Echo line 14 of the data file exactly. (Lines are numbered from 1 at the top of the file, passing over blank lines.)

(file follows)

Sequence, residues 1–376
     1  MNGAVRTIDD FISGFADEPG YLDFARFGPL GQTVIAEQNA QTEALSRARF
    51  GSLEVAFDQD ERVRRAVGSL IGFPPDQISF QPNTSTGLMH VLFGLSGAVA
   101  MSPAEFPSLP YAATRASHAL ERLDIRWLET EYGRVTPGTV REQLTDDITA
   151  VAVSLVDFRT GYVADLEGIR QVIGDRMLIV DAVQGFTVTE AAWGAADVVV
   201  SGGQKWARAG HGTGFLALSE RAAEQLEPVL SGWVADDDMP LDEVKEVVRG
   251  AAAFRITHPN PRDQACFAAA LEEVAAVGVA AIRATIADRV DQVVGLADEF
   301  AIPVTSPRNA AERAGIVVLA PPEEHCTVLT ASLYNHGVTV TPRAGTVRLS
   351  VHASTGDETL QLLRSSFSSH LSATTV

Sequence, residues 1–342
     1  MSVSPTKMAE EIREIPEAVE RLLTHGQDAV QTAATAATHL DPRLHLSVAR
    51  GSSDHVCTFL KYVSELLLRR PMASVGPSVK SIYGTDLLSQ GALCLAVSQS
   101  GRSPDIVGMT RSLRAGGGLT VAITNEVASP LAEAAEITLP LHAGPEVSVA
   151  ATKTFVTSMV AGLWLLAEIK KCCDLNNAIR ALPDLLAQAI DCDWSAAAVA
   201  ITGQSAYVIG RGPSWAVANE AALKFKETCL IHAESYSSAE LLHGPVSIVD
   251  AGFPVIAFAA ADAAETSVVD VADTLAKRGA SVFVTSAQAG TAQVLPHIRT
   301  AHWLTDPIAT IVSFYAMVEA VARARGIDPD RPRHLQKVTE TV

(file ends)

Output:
   151  ATKTFVTSMV AGLWLLAEIK KCCDLNNAIR ALPDLLAQAI DCDWSAAAVA